Meet Toby, an adorable beagle who constantly endears himself to his owner despite the fact that Toby won’t cooperate with her plans to teach him a trick . . . any trick. Toby is great at normal dog things—he eats messily, knocks things over, and scratches with the best of them, but ask him to fetch, roll over, or beg, and he’ll look at his owner with a befuddled and perplexed expression. The narrator bemoans the fact that her friends’ dogs shake hands, bring in the newspaper, and dance—Michael’s French poodle even plays soccer. But Toby’s owner never gives up. She tries talking to Toby in several foreign languages (in case a language barrier has been the problem all along) and even talks to him in dog: “woof awooooo ark ark grrff ruff!” Nothing works though, so she just goes back to saying “sit” several times a day. Finally, one day, Toby comes through and . . . yes . . . sits! In a funny double-page spread in which Toby takes up most of the two pages, the text reads simply “Toby sat!” Toby’s owner is happy, but keeps things in perspective—she’ll always love Toby even if he never learns another trick. Toby is a lovable and goofy dog in the tradition of Martha in Martha Speaks by Susan Meddaugh or Boodil My Dog by Pija Lindenbaum. The illustrations are charmingly and humorously done in watercolors, acrylics, and pen and ink. A thoroughly delightful story by the authors of the also delightful Trashy Town (1999). (Picture book. 3-7)

Pub Date: May 1, 2000

ISBN: 0-15-202014-4

Page Count: 32

Publisher: Harcourt

Review Posted Online: May 20, 2010

Kirkus Reviews Issue: May 1, 2000

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The print version of a knee-slapping cumulative ditty.

In the song, Smith meets a donkey on the road. It is three-legged, and so a “wonky donkey” that, on further examination, has but one eye and so is a “winky wonky donkey” with a taste for country music and therefore a “honky-tonky winky wonky donkey,” and so on to a final characterization as a “spunky hanky-panky cranky stinky-dinky lanky honky-tonky winky wonky donkey.” A free musical recording (of this version, anyway—the author’s website hints at an adults-only version of the song) is available from the publisher and elsewhere online. Even though the book has no included soundtrack, the sly, high-spirited, eye patch–sporting donkey that grins, winks, farts, and clumps its way through the song on a prosthetic metal hoof in Cowley’s informal watercolors supplies comical visual flourishes for the silly wordplay. Look for ready guffaws from young audiences, whether read or sung, though those attuned to disability stereotypes may find themselves wincing instead or as well.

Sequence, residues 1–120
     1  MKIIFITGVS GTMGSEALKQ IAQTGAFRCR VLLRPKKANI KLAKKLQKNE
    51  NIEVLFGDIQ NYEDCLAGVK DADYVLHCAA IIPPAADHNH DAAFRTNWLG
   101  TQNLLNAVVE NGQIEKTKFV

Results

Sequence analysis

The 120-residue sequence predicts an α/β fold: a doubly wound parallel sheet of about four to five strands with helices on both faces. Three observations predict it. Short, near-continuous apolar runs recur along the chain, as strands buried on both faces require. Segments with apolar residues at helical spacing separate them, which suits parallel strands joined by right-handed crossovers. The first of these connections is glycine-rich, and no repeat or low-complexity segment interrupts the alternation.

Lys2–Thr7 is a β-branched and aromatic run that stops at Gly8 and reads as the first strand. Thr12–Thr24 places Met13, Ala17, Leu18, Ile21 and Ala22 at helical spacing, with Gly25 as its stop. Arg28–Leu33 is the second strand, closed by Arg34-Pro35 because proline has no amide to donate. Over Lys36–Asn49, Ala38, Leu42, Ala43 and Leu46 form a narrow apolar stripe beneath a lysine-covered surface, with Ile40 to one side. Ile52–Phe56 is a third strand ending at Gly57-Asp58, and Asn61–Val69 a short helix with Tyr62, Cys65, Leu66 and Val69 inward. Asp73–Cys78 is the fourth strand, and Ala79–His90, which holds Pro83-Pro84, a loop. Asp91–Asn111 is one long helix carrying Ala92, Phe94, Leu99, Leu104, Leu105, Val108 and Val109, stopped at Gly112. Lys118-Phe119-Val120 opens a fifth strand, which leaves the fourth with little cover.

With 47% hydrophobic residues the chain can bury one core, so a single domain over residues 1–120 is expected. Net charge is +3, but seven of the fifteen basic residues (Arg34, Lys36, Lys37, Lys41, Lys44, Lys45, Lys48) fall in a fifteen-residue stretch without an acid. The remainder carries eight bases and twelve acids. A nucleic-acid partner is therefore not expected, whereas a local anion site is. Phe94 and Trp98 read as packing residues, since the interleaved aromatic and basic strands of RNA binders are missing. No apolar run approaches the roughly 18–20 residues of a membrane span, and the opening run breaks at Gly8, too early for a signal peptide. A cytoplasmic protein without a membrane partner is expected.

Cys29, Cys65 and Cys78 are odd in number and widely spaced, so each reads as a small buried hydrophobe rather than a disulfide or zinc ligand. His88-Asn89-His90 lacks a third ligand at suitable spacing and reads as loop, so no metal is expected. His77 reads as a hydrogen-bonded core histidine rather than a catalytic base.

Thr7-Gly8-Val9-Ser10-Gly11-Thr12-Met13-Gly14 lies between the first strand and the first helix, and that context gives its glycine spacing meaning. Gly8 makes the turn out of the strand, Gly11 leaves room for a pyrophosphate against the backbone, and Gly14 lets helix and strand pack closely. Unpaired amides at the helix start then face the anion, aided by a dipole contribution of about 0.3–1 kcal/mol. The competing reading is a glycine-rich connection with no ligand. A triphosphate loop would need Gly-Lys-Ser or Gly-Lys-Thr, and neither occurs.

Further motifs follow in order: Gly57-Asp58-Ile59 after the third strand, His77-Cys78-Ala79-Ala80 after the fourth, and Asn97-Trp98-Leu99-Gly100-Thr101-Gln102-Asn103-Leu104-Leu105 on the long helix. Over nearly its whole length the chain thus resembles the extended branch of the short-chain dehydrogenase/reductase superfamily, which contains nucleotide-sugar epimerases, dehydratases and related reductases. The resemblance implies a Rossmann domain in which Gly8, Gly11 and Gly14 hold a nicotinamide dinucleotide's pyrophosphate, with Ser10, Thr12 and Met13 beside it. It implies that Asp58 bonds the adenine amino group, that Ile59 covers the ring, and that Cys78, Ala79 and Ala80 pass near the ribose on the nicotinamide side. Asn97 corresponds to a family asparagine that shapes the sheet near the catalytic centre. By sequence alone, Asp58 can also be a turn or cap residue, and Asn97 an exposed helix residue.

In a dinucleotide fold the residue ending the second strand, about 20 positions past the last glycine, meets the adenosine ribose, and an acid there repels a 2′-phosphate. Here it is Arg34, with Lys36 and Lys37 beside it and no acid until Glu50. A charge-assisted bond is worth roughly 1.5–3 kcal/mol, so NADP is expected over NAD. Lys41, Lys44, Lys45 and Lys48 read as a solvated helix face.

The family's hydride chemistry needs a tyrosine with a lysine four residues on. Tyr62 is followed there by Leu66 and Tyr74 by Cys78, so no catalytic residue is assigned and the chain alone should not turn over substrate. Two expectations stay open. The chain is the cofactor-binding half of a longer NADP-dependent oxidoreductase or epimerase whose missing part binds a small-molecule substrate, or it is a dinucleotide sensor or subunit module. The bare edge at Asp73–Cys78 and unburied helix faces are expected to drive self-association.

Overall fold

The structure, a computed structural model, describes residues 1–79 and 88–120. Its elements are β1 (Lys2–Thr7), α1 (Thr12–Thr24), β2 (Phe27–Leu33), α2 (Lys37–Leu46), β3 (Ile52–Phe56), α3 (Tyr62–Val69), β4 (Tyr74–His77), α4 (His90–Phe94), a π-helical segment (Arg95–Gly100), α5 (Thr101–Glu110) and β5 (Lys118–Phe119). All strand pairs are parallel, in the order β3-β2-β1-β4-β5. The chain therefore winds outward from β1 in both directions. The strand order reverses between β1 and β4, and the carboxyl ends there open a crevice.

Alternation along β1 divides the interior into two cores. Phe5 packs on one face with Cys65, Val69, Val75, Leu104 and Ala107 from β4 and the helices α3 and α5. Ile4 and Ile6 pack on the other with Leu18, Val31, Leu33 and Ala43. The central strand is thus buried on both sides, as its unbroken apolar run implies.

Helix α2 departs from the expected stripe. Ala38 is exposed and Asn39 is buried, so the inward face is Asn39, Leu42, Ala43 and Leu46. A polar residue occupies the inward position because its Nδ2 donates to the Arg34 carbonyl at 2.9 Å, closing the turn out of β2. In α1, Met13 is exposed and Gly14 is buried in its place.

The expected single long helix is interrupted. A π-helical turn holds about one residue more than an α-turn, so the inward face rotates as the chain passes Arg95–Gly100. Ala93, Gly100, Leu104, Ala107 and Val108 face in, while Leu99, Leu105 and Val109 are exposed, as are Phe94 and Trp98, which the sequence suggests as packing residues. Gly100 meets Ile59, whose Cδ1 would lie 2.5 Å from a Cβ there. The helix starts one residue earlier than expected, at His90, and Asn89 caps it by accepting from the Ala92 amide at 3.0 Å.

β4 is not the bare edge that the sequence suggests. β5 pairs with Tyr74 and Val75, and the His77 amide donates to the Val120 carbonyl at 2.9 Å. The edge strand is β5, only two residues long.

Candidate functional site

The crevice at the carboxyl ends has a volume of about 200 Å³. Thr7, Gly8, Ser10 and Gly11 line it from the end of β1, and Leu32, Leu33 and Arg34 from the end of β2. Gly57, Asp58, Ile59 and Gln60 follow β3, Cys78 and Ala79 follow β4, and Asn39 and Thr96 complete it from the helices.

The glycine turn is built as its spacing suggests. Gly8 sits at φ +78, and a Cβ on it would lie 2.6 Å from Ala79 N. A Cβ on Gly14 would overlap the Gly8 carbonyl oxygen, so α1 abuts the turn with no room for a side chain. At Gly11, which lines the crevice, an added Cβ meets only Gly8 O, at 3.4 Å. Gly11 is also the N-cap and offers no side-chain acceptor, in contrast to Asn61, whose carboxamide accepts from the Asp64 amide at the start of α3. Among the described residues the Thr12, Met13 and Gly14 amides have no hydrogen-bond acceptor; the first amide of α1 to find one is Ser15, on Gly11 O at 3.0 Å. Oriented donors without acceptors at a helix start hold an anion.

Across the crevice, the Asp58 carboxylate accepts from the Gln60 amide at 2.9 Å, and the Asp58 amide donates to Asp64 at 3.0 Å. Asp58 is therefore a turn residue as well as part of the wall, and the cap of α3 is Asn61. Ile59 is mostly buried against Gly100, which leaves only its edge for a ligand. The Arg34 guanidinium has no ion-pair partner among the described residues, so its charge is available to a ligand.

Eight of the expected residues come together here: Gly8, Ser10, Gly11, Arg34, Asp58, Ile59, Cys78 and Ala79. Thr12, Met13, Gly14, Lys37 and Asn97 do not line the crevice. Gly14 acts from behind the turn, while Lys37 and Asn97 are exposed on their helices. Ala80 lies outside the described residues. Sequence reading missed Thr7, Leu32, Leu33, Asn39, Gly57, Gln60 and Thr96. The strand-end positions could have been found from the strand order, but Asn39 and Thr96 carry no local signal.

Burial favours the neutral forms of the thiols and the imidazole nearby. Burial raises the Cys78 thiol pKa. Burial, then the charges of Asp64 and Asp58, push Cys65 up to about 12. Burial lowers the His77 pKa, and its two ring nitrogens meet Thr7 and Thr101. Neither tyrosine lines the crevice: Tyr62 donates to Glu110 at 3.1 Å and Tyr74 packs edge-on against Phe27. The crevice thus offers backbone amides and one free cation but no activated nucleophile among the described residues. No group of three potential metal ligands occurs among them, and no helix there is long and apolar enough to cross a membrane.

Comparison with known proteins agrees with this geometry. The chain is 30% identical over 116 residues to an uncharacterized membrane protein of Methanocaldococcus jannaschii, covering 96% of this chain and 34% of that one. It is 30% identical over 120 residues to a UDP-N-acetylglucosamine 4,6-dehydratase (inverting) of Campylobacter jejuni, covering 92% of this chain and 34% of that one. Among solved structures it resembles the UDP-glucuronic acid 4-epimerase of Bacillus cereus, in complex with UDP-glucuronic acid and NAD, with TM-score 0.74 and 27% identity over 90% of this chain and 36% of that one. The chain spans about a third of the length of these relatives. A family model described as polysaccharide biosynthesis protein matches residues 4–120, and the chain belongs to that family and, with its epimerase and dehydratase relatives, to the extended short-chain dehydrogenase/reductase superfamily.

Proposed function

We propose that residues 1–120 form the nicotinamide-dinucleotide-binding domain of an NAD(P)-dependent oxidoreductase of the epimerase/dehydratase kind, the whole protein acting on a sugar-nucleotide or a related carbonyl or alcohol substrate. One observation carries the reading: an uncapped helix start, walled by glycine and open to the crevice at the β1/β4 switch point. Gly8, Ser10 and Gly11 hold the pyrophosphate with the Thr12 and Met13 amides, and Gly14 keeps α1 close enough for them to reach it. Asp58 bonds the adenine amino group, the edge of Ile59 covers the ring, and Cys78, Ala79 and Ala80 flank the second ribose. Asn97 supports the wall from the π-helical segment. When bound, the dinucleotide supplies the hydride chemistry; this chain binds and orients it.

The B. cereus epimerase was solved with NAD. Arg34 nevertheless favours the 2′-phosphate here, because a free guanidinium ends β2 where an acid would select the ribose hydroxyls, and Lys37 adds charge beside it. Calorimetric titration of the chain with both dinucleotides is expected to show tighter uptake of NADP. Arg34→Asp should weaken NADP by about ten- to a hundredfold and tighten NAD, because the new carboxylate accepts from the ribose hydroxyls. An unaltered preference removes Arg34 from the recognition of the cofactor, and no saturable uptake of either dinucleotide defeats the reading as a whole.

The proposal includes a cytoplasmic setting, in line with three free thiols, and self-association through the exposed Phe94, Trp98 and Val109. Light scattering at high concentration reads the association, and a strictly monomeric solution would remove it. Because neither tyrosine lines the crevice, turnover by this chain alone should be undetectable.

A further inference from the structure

Hee haw. (Picture book. 5-7)

Pub Date: May 1, 2010

ISBN: 978-0-545-26124-1

Page Count: 26

Publisher: Scholastic

Review Posted Online: Dec. 29, 2018

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A sweet reminder that it’s easy to weather a storm with the company and kindness of friends.


Is it a stormy-night scare or a bedtime book? Both!

Little Blue Truck and his good friend Toad are heading home when a storm lets loose. Before long, their familiar, now very nervous barnyard friends (Goat, Hen, Goose, Cow, Duck, and Pig) squeeze into the garage. Blue explains that “clouds bump and tumble in the sky, / but here inside we’re warm and dry, / and all the thirsty plants below / will get a drink to help them grow!” The friends begin to relax. “Duck said, loud as he could quack it, / ‘THUNDER’S JUST A NOISY RACKET!’ ” In the quiet after the storm, the barnyard friends are sleepy, but the garage is not their home. “ ‘Beep!’ said Blue. ‘Just hop inside. / All aboard for the bedtime ride!’ ” Young readers will settle down for their own bedtimes as Blue and Toad drop each friend at home and bid them a good night before returning to the garage and their own beds. “Blue gave one small sleepy ‘Beep.’ / Then Little Blue Truck fell fast asleep.” Joseph’s rich nighttime-blue illustrations (done “in the style of [series co-creator] Jill McElmurry”) highlight the power of the storm and capture the still serenity that follows. Little Blue Truck has been chugging along since 2008, but there seems to be plenty of gas left in the tank.

A sweet reminder that it’s easy to weather a storm with the company and kindness of friends. (Picture book. 3-6)

Pub Date: Oct. 22, 2019

ISBN: 978-1-328-85213-7

Page Count: 32

Publisher: HMH Books

Review Posted Online: June 23, 2019

Kirkus Reviews Issue: July 15, 2019

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